Luke Church, Cambridge discussed HCI and security. Transformation from HCI to User Centered Design. Values: Concretization: talk about personas and scenarios. Direct manipulation of objects. Economy of usability: make the common easy. SER cycle. Zittrain (not present) argues in “The Future of the Internet” that security decisions are being embedded in tech. Driven by desire for less interference. Alma Whitten’s abstraction and feedback. Original goal: control over information and technology. Discusses control by appliance, and how it gives too much power to the technologist (DRM, perfect enforcement, norming). We need tools for expressing meaningful end user control. Shows a Facebook privacy dialog, looks simple, says there are 86 of them. Seek ways to leave the “last mile” of design to users. (Adam adds: it’s the first mile, damnit. Put the user at the center.) Papers: The User Experience of Computer Security, Usability and the Common Criteria

Diana Smetters, PARC talked about meeting the user halfway. You can teach users, you just can’t teach them very much. Requires careful design of what you teach them. Users want to be secure, need to get their job done. Ask questions like: what should the model be for user accounts in home? (Not timeshare/business/mainframe). How should web sites authenticate themselves? How do we make it safe to click links in emails? Why is this hard? Have to give up on what you think would be good for them… everybody else is conspiring against you. Discussed phishing as a “mismatch problem.” Built a set of protected bookmarks and deliver single-site browser instances. What should a user do when they see the browser gives a cert warning? Ignore it. Most certs on the internet are broken. (Didn’t catch the citation.) People are rational: if attacks are rare, people will ignore them. With anti-virus, we increased the number of attacks until people ran anti-virus. Claims that it might be a good idea to throw out the baby with the bathwater. Some papers:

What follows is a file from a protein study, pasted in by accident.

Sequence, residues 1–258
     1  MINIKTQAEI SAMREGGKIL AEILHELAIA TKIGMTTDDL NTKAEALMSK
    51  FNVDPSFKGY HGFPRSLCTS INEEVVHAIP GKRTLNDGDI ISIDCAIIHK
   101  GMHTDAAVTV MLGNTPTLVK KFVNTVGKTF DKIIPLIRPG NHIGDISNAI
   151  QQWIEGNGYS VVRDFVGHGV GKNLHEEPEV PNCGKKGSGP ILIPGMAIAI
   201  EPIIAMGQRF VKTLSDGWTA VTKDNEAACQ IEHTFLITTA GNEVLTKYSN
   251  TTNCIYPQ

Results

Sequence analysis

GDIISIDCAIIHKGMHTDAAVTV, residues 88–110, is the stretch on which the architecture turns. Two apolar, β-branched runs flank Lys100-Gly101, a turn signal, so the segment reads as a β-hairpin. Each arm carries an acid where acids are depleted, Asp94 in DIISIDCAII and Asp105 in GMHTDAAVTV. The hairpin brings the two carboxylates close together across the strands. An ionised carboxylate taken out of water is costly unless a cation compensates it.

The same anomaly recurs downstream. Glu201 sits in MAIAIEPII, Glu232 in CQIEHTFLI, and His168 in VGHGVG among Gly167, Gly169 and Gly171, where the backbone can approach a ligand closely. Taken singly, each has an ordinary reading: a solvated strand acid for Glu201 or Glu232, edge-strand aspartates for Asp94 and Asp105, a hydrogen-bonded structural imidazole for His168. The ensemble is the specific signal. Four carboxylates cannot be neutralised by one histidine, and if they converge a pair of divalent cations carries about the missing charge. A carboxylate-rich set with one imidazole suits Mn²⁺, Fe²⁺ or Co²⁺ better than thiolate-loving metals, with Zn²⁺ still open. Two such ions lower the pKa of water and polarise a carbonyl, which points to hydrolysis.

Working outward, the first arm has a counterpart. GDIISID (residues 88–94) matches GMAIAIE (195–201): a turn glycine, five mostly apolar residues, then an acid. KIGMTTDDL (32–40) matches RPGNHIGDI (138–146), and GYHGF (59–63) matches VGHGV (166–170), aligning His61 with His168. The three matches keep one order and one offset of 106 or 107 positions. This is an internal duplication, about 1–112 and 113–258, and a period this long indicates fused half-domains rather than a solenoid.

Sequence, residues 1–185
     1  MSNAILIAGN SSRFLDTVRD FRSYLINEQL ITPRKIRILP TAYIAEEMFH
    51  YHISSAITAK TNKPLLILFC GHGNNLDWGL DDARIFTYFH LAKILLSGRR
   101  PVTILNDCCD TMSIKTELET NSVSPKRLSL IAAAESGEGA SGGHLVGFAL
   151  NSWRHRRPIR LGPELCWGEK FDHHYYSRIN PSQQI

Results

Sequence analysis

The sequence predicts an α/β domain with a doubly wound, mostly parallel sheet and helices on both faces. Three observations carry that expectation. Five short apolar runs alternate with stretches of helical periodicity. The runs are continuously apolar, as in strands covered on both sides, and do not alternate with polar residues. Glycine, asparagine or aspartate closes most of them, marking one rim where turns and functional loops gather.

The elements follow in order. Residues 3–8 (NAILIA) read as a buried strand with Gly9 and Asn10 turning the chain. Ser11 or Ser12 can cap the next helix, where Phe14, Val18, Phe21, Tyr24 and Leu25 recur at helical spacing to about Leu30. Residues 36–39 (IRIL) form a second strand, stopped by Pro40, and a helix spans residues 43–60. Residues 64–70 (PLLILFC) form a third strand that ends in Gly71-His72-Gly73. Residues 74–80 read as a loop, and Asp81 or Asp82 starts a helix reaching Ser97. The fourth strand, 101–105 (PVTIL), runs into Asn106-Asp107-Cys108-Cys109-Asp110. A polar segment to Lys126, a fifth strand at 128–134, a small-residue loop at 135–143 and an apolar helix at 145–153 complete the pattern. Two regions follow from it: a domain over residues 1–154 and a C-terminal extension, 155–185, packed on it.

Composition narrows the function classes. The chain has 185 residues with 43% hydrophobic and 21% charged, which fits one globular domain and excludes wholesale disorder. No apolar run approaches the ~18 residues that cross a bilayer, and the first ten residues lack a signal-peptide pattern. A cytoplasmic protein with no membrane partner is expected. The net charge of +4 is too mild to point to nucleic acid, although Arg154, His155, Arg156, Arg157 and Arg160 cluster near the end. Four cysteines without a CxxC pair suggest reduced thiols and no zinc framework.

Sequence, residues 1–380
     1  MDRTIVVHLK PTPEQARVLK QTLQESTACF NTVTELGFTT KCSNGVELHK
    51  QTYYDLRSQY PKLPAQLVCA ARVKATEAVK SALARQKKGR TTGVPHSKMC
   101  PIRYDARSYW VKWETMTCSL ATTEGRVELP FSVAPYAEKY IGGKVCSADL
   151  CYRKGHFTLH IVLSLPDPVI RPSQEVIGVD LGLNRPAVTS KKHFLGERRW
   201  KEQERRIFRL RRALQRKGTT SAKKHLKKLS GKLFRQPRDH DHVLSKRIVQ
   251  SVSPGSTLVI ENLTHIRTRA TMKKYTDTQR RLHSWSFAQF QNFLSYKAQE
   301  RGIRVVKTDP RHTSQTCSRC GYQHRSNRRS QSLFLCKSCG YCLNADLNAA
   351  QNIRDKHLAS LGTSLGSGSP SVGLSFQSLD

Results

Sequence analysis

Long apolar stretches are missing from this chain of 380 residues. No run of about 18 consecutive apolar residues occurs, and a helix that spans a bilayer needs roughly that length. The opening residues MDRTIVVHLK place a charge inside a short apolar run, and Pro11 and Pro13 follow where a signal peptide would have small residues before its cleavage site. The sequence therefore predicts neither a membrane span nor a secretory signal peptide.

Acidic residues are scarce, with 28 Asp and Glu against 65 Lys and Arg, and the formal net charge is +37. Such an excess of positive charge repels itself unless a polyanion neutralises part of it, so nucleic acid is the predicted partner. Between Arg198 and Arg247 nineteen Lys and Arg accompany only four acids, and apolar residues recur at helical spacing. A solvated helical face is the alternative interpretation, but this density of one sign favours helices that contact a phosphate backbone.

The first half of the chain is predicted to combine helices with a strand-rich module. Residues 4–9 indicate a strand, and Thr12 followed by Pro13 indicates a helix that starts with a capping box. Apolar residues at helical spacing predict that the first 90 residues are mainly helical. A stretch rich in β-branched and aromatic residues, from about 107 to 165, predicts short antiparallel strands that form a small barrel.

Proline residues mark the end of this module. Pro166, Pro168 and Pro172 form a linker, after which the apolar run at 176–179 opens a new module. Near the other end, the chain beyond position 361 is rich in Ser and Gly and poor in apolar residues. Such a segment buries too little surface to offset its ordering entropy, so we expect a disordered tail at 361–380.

Breaking out of the browser to defend against phishing attacks, Building secure mashups, Ad-hoc guesting: when exceptions are the rule

Rob Reeder, Microsoft talked about “social recovery” for lost passwords. Users pre-designate trustees who can provide for recovery. Can use arbitrary k/n groups of trustees. Ideally, the trustee talks to the person who lost the password. Showing slides of increasingly trustworthy reasons to think it’s the right person, other various attacks and defenses. Good recovery, good resistance to email attacks. Medium resistance to highly-personalized attacks (spouses, etc). It’s Not What You Know, but Who You Know: A Social Approach to Last-Resort Authentication.